Reviewer #2 (Recommendations for the authors):

Figures:

Figure 2: A legend with blue, yellow, and green could be added here. Also, the figure description does not say what the inset is in panel A (looks like log10 version but should be described in the text).

Figure 3, panel B: A legend with the circles vs squares and open vs filled or crosshatched would help readers interpret this panel.

Figure 6, panel A: Why is scaffold 4 shown twice, and with scaffold 3 in between?

Figure supplement 6: Listing the treatment ("Bacteria added before yeast" and "Yeast monoculture") as the title of each panel would make this figure clearer for readers

We have followed all of these suggestions in revised Figure 2, Figure 4, and Figure 6—figure supplement 2. In Figure 9, panel A (formerly Figure 6) the bottom scaffold, formerly listed as scaffold 4 (twice) should have said scaffold 2, which is fixed in the revised figure.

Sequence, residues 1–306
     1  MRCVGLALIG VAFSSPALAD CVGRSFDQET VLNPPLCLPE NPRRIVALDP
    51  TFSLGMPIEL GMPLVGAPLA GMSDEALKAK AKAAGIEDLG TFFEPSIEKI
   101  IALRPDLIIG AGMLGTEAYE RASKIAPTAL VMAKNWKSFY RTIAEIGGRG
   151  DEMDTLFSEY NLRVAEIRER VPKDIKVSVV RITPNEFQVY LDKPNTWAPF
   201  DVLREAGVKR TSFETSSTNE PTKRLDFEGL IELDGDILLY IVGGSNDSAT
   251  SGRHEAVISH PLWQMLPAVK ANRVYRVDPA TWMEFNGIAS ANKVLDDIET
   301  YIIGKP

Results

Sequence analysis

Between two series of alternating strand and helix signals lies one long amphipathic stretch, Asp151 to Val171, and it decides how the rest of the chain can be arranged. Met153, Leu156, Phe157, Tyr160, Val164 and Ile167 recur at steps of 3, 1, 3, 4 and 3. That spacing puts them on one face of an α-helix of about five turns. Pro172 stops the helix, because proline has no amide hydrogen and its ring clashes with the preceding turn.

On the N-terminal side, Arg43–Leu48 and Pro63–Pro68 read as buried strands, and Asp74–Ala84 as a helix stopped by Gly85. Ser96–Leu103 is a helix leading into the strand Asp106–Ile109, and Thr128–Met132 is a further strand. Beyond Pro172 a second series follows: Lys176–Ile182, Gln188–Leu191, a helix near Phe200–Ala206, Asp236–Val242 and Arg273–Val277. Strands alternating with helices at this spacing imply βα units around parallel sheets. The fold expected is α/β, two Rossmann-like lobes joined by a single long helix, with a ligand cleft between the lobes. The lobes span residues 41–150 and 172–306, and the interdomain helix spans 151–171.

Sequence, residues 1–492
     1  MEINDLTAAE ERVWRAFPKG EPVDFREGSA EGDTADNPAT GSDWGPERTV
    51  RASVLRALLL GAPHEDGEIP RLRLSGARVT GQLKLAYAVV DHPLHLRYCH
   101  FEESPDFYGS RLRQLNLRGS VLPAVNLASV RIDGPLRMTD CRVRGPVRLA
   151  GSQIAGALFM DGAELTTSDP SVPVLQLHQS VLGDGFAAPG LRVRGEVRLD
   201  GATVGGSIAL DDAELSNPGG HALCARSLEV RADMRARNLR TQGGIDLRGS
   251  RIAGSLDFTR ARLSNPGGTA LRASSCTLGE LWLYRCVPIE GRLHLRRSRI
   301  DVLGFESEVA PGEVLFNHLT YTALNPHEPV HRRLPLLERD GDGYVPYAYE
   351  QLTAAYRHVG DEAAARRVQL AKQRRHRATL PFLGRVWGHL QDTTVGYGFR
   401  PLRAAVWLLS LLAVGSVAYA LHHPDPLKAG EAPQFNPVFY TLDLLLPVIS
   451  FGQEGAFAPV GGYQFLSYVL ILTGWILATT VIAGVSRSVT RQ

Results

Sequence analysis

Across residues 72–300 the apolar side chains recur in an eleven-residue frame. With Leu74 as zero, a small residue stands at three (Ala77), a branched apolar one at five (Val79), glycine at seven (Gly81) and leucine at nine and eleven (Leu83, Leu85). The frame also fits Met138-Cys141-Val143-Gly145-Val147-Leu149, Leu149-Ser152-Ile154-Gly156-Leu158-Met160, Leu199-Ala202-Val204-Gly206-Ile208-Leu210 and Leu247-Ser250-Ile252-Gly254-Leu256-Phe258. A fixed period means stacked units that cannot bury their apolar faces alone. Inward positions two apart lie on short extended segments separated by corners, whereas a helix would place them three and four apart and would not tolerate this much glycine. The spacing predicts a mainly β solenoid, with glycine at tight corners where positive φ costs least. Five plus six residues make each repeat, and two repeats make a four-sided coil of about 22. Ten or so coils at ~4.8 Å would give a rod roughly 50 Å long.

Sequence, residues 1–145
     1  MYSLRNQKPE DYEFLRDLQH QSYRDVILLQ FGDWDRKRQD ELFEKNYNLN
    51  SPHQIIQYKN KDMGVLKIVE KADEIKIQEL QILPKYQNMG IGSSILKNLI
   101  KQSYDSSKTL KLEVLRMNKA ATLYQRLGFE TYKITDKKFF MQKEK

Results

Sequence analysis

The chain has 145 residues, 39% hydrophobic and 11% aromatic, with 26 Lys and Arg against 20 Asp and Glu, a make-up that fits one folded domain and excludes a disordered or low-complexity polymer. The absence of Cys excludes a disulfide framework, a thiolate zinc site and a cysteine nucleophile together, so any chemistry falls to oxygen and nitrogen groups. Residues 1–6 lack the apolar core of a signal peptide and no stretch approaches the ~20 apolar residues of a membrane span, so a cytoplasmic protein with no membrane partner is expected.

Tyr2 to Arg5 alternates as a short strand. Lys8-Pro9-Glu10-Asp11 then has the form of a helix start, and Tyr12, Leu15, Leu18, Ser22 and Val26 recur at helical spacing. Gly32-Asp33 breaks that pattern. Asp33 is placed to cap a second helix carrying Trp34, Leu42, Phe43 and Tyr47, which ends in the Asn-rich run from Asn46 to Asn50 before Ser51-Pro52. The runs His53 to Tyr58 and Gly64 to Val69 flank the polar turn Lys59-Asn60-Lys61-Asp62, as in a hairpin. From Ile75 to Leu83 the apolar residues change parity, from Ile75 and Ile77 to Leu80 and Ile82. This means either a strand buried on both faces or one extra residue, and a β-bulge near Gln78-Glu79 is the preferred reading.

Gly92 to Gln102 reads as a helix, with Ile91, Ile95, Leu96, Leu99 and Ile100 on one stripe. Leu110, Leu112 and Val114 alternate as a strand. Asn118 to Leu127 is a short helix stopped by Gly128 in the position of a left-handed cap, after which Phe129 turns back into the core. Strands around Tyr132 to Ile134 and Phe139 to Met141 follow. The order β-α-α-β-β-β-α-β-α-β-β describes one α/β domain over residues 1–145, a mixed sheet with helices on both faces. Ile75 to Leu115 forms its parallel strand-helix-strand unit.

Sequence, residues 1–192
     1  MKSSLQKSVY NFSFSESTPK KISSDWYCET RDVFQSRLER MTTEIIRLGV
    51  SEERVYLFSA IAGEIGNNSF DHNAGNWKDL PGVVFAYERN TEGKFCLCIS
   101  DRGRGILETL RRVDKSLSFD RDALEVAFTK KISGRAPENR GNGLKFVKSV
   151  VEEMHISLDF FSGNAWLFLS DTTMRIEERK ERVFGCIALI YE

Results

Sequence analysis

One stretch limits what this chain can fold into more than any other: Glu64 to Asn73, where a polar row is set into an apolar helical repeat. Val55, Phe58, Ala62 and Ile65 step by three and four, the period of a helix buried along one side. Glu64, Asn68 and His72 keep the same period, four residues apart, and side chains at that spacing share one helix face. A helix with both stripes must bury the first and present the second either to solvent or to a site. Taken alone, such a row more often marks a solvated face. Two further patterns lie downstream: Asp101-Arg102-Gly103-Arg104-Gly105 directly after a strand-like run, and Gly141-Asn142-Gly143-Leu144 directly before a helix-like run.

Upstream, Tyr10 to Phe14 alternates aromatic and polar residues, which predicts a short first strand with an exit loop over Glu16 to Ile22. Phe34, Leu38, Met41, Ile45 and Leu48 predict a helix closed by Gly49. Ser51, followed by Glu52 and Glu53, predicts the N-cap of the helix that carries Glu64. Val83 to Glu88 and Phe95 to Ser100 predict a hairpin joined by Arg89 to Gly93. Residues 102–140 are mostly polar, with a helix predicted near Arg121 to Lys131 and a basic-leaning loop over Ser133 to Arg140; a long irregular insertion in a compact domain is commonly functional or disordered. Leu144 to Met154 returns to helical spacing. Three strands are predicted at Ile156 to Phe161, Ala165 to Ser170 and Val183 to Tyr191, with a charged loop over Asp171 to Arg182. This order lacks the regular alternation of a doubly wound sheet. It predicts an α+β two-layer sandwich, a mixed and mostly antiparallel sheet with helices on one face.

The trade-off in abundance between yeasts vs. bacteria is outlined (in Figure 2 and related text), but how much diversity is there among the bacteria and yeasts in the broad sampling along the CA coast? Can this be estimated either from the culture data (e.g. morphospecies connected to DNA barcode) or previous work? If it can't be estimated, it would still be good to address it more in the text.

We have included two new datasets that address the broader microbial diversity in nectar. First, we have added a new dataset, which concerns similar data collected from D. aurantiacus nectar at Jasper Ridge over six years (Figure 3), which gives an idea of the diversity of culturable bacteria and fungi. We have added a paragraph into the manuscript introducing these new data in lines 216-235. Please see response to Essential revision point 2 for further detail.